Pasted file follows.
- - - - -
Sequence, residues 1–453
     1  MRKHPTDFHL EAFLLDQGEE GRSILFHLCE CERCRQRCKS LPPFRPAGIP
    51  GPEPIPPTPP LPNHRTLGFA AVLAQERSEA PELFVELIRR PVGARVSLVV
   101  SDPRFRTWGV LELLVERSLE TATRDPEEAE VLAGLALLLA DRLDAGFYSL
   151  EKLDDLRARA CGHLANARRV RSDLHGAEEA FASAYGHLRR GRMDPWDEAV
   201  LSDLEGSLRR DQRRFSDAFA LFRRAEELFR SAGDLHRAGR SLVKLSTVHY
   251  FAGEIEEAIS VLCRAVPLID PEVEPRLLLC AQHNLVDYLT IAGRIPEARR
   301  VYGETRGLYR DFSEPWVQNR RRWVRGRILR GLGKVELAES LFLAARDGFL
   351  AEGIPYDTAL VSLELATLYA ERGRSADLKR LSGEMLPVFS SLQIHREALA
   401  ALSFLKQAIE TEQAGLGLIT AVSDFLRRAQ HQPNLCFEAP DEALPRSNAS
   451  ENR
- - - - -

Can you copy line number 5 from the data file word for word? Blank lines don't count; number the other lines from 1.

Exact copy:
   151  EKLDDLRARA CGHLANARRV RSDLHGAEEA FASAYGHLRR GRMDPWDEAV